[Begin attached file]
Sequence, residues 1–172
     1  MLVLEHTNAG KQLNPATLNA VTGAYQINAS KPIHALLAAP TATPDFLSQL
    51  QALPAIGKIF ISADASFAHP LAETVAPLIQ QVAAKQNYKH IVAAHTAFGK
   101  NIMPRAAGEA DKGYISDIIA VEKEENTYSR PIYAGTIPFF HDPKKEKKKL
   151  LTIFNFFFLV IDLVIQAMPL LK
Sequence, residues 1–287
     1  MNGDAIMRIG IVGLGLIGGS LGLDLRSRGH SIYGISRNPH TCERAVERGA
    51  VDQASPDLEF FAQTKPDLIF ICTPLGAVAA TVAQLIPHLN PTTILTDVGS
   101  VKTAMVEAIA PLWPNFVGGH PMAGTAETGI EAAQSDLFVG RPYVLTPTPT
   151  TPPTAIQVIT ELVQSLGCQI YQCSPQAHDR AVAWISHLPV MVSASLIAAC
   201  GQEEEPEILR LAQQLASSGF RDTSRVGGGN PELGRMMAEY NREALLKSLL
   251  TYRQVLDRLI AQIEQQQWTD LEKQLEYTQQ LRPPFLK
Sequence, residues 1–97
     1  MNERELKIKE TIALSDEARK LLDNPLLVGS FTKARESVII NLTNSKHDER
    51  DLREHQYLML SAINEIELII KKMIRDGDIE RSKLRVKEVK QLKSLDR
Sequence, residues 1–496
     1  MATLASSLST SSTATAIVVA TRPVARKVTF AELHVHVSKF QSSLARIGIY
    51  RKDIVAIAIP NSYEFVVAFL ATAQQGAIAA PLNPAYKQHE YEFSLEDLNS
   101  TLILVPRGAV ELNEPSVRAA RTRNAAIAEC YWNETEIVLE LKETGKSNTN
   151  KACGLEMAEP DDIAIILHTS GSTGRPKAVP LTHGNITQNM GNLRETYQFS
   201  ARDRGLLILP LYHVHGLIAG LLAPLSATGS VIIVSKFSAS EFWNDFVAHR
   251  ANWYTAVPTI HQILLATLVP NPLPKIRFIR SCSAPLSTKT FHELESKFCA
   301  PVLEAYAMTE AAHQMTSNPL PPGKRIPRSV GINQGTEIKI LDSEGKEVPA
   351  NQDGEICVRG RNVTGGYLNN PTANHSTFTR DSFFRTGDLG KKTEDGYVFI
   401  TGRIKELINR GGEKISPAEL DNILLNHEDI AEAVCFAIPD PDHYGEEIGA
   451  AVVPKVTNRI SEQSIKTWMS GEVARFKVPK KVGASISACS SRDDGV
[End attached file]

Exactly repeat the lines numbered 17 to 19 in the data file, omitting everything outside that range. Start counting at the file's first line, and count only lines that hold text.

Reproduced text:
     1  MATLASSLST SSTATAIVVA TRPVARKVTF AELHVHVSKF QSSLARIGIY
    51  RKDIVAIAIP NSYEFVVAFL ATAQQGAIAA PLNPAYKQHE YEFSLEDLNS
   101  TLILVPRGAV ELNEPSVRAA RTRNAAIAEC YWNETEIVLE LKETGKSNTN